Agency: Biggest consumer problem in real estate
Originally appeared in Bay Area News Group publications on January 24, 2014
“…the laws of commerce…are the laws of nature, and consequently the laws of God.”
– Edmund Burke (1795)
As a Bay Area and East Bay real estate expert witness, I continually see specifics of how agents fail their clients. I have written many articles about agency because it is the most important function of a real estate licensee. Unfortunately, few buyers and sellers understand what an agent should do for them and too many licensees are not clear about agency.
Clients, usually buyers, generally find this out when it is too late and it has cost them money and heartache. This has not changed in my 34-plus years in the business.
According to California Civil Code, “An agent is one who represents another, called the principal, in dealings with third persons.” Despite common misconceptions, an agent is not simply a salesperson; he or she has much greater responsibilities.
Agents have a “fiduciary duty” to their clients. This duty includes “utmost care, integrity, honesty, loyalty” and is what some agents have forgotten from their real estate license preparation. It is at the heart of all the problems I see relating to client dissatisfaction with their real estate representative.
Selling vs. representing
As a buyer or seller, your primary responsibility is not to just find a house to buy or to get your house sold. Your primary responsibility is to make sure you are working with an agent who will represent your best interests. Is the agent focused only on doing the right thing for you, or is commission his or her basic interest?
In many instances, the licensee acts as though he is just a facilitator, bringing a buyer and seller together. Those are the agents who let their clients down.
Duty to advise
The best agents are not simply order-takers; they provide information to help you make important decisions. Sometimes, that includes advice to hold off from selling or buying right now.
For example, I have seen some homes sold in specific neighborhoods in the past year where the purchase price exceeded previous highs, even of the last wild seller’s market of the mid 2000’s.
When I observe sales like these, I wonder if the buyer’s agent explicitly explained the risks of paying well above market or if he felt it was simply the buyer’s decision. Of course, an agent too new in the business to know, or one from out of the area, might not even have the background to give this advice. Regardless, buyers who overpay now may eventually experience the same loss-of-equity hardships we saw before our market rebounded.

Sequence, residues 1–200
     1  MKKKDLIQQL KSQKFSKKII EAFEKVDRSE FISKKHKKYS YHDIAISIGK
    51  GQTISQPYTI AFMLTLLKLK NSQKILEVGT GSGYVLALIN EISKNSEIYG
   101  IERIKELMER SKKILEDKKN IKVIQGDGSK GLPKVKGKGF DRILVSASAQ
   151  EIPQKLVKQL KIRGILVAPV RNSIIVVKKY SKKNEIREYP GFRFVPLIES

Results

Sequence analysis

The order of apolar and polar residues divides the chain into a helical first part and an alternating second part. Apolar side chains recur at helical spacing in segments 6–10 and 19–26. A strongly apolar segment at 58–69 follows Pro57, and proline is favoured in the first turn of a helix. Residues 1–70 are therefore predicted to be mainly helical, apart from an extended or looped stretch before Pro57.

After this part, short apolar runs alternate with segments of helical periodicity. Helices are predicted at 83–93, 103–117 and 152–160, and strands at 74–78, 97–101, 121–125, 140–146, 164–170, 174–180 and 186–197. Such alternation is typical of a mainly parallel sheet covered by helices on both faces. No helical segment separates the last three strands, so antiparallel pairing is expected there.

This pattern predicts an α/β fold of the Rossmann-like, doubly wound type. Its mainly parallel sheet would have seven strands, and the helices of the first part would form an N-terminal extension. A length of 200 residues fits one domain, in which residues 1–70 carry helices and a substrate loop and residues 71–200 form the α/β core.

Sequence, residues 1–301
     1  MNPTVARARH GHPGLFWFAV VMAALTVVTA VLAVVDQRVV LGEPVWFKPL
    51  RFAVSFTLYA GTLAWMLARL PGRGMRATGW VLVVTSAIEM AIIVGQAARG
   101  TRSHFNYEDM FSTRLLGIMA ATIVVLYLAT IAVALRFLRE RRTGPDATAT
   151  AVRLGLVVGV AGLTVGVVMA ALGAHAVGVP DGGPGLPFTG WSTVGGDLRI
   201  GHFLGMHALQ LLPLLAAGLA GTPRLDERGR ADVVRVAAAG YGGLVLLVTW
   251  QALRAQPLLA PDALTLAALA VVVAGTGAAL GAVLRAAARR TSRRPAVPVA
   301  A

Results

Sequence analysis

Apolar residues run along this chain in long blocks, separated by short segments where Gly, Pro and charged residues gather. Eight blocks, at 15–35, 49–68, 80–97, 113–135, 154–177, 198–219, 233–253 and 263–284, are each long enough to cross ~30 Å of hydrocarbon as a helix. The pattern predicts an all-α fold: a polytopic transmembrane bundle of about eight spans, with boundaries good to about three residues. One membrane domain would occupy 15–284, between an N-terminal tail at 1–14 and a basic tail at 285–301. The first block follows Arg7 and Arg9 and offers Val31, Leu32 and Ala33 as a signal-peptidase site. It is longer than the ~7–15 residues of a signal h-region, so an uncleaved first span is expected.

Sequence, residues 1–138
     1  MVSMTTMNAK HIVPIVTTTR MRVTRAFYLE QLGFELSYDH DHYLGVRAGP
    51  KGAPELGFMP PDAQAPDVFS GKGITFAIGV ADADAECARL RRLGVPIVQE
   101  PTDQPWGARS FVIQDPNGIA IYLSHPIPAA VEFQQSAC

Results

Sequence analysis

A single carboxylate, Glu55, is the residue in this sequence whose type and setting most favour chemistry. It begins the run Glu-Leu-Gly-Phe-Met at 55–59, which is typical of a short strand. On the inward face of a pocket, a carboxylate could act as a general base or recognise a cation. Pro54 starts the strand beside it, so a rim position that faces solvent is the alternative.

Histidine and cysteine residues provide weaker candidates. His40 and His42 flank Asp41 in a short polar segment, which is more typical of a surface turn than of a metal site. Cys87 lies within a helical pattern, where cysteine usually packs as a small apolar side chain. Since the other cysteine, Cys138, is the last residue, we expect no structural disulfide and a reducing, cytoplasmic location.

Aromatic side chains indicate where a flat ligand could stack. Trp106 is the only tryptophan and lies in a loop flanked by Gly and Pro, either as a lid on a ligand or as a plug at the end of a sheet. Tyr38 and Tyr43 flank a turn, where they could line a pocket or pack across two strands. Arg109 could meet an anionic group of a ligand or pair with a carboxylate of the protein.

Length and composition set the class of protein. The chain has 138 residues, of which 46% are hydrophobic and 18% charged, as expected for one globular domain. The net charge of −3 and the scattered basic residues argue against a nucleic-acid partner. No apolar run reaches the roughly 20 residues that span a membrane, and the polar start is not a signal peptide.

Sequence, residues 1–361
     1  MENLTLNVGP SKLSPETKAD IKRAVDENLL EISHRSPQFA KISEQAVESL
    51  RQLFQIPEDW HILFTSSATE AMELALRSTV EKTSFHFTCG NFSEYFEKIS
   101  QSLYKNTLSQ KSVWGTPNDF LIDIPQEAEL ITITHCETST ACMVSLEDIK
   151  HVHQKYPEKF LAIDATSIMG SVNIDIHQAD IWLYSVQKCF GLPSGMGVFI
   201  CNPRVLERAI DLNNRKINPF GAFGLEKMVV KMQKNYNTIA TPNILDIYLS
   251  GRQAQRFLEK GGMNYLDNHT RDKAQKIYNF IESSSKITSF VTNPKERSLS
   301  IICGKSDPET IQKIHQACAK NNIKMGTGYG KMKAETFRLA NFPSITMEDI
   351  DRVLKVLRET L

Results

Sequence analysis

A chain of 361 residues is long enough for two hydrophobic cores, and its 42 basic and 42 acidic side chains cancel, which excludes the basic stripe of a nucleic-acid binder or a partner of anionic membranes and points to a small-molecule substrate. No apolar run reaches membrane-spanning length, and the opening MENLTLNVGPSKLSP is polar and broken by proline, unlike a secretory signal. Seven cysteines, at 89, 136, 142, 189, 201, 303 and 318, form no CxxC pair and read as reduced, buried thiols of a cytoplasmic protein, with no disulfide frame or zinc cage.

Another example is where the price seems reasonable for the buyer, but there are problems with condition that have unknown costs. Far too often, agents do not stress to their buyers that the purchase price, when added to fix-up and upgrade costs, makes that property an unreasonable candidate.
The buyer may spend a lot to improve the home, or he may do little to eliminate its problems. In the first case, the value of the property could end up being less than the buyer’s total investment. In the second instance, the condition issues are likely to worsen with the passage of time, negatively impacting the value of the property.
For either scenario, this might lead to the buyer losing, rather than making, money on his purchase.
Advice from agents to sellers can also be insufficient or non-existent. This includes situations where the house requires so much work that painting and new carpets/floors are actually a waste of money. Sadly, some agents suggest that their sellers needlessly spend money instead of trying to dissuade them from doing so.
Buyers and sellers rarely perceive when their agent has failed to adequately negotiate in their best interests. This can be relative to the price of the property when an offer is made or to adjustments in that price after buyer inspections.
Some agents do not know how to negotiate or, if they do, are not willing to expend the effort on their client’s behalf. Inadequate negotiating can cost their buyer or seller thousands or tens of thousands of dollars.
A “material fact” is any information that could influence a buyer’s decision to buy or not, and/or how much to pay. When representing sellers, competent agents explain this to help them fully disclose.
For instance, does the next door neighbor or the one across the street practice saxophone at midnight? Have there been back-ups in the sewer line? Does the seller know of stains or damage to hardwood floors under the carpeting? Providing this assistance not only helps the buyer, it can prevent future legal action by the buyer against the seller.
If anyone in the transaction knows that a nearby house slid down the hill and was destroyed years ago, or that there is a spring that runs under some homes in the area, these material facts must be disclosed.
Those who do not fully comprehend the most important duties of agents have a good chance of missing out on full, professional real estate representation. Choosing an agent who will stand in your shoes could be one of the most important decisions you will ever make.